Neither spoke. Though the landscape was familiar, their path was new. Unsure of one another in a way they had never been, the two trudged along close to a mile. The dirt stuck to their shoes as the wind blown mist dampened their faces. Gray clouds scuttled low overhead. Leaves, dark and matted, remnants of the previous fall, began to stick to their heels. Near the grove flanking the home Jess was helpless to reclaim, he slowed; his resolve wavered. At the lane, he stopped.
The weather had dampened Peter’s anger. His ire cooled, he now watched his friend’s struggle, watched Jess fight his inner torment. Touched by that struggle, he knew again his own frustration, felt again the angst he’d known more than a year earlier when Jess had been extracted from his world. It had taken him a long time to accept that reality. Meeting Elizabeth had helped. Yet Jess had no Elizabeth, no home to return to. Peter felt the traitor.
“It was a mistake, Pete. I shouldn’t have come. I don’t belong here anymore.” Jess did not look at him, but Peter saw tears, tears Jess refused to free. “I don’t belong anywhere anymore.”
Peter looked away. “Jess, I hate saying this, but holding on won’t help. You have to let go.”
“Easy for you to say. You still have your roots. You still belong here.” Jess’ anger was replaced with deep sadness. His tone stabbed Peer with renewed guilt, a sense that somehow he’d failed his friend.
Lifting his eyes to the cloud-filled sky, Peter sighed into the wind. “Come on. We have to hurry, or my folks will be home, and we won’t get away.”
Jess turned to Peter; a fresh light of hope filled his eyes. Wrapping his arm around Peter’s shoulder, he tousled his blonde hair. Always shorter, Peter ducked. Jess caught him in a half Nelson.
“You won’t regret this, Pete, ol’ pal. It’ll be great! Just like old times!”
“Enough, Jess! Let go!“
Peter straightened. Before he followed Jess down the road, he cast a quick glance at Elizabeth’s home. It beckoned to him as did the image of a beautiful brown-haired girl whose touch he could still feel against his shirtsleeve. He pictured violet eyes, and his smiled faded. He had to come up with something—but what?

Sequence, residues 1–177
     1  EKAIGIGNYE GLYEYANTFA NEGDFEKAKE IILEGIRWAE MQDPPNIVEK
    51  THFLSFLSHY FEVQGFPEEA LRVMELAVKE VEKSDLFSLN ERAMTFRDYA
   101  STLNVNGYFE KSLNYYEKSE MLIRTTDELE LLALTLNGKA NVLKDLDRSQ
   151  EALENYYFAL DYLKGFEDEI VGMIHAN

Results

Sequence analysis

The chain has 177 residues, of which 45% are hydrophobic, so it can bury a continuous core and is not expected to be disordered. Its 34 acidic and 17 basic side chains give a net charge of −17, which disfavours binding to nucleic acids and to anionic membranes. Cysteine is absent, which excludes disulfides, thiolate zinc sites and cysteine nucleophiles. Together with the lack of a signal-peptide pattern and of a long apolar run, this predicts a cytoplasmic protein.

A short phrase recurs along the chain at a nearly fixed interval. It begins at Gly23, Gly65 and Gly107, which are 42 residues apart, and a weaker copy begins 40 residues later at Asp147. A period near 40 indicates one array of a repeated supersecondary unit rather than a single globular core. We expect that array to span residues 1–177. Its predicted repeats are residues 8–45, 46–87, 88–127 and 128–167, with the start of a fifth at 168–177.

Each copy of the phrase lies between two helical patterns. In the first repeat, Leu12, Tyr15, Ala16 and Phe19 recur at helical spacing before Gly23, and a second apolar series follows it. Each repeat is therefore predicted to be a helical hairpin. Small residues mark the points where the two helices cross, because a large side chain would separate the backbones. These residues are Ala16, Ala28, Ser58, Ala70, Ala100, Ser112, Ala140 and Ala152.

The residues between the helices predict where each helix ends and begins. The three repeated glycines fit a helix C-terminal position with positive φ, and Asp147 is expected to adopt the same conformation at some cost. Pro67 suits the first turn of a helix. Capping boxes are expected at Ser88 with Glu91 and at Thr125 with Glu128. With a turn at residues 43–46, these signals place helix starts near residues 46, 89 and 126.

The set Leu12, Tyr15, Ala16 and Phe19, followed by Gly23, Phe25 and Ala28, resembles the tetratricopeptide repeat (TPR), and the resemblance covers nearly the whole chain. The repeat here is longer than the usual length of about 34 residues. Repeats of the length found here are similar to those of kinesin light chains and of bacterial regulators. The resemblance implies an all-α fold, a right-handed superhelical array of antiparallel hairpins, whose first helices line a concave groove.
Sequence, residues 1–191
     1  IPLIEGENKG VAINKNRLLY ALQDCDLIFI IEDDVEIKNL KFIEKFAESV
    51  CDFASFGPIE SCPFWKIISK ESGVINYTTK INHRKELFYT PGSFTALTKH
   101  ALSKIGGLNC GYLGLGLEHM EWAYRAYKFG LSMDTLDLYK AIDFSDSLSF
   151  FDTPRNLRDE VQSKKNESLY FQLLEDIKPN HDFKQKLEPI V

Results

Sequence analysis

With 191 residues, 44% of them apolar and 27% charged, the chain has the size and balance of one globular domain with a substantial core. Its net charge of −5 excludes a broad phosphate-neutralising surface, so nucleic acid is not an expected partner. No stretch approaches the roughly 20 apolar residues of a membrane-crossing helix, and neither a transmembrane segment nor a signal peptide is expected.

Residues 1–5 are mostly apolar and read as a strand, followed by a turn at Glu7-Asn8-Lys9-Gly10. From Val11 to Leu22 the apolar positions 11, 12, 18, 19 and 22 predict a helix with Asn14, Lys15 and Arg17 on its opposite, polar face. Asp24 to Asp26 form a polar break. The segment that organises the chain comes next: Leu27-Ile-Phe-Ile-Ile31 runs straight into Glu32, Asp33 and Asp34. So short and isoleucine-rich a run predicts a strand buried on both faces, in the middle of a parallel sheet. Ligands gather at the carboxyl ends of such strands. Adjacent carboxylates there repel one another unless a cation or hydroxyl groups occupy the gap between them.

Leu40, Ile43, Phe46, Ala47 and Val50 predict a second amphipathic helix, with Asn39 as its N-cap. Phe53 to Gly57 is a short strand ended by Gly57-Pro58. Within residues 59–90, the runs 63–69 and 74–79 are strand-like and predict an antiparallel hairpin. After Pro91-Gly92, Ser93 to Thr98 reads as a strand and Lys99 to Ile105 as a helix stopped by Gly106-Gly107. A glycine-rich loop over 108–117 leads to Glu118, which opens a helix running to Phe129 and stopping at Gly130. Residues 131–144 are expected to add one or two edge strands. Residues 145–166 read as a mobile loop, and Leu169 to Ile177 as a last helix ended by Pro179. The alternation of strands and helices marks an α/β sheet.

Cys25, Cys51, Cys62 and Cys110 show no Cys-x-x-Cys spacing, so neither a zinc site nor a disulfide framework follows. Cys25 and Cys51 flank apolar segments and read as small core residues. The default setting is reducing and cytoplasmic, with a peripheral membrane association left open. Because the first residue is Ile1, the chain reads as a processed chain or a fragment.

They packed quickly. Into Jess’ canvas grip went two bedrolls, one change of clothes each, and a quick supper—nothing more. Peter, unable to see beyond Jess’ desperate need, searched for direction and found none. In fifteen minutes, they were back on the kitchen porch. Peter stopped on the bottom step.
“I have to leave a note, Jess. I can’t just disappear. My folks will worry.”
“If you tell them where we’re headed, they’ll come after us.”
“I know that. That’s why I have to leave the note. We can head to Cutter’s Field, stay out of sight for the night. Move on in the morning.”
“All right, Peter! Always thinking! That’s why we make a good team. My ideas, your common sense!” Jess grinned from ear to ear.
Peter attempted a smile. “Be right back.” He disappeared into the kitchen. Several minutes later he returned.
“Took you long enough,” Jess commented, more subdued. “Thought maybe you changed your mind.”
“I had to make it sound good. You know my mom worries over nothing, and she won’t think this is nothing. You know that.”
Jess shrugged. He smiled. “Colorado here we come.”
Stepping lightly into the lead, he headed down the lane and failed to read the frustration register on Peter’s face. Jess was right. Peter knew how to make a thing work. It came easily to him—usually. Not this time. This was complicated, and life was not generally complicated for Peter. When he knew something was right, he simply acted, did what was necessary.
This time his direction was anything but clear. The road ahead was as cloudy as the day, and that bothered him. Following Jess down the lane of his home, he held in his heart an image of violet eyes, eyes that had so trustingly agreed to his request. Lurking close behind was the reaction he envisioned his mother having to his note:
“Am with Jess. Will try to stop him from leaving for good. Be back as soon as I can. Don’t worry, Mom. Love, Peter”
The two continued west well past the road that led to Wareham. The mist was becoming a steady, cool drizzle. With each step, Peter felt the weight of his mother’s worry ever more acutely. He was going to be in trouble. That, too, weighed on him. With all his heart, he wished he knew what he could do to prevent Jess from leaving.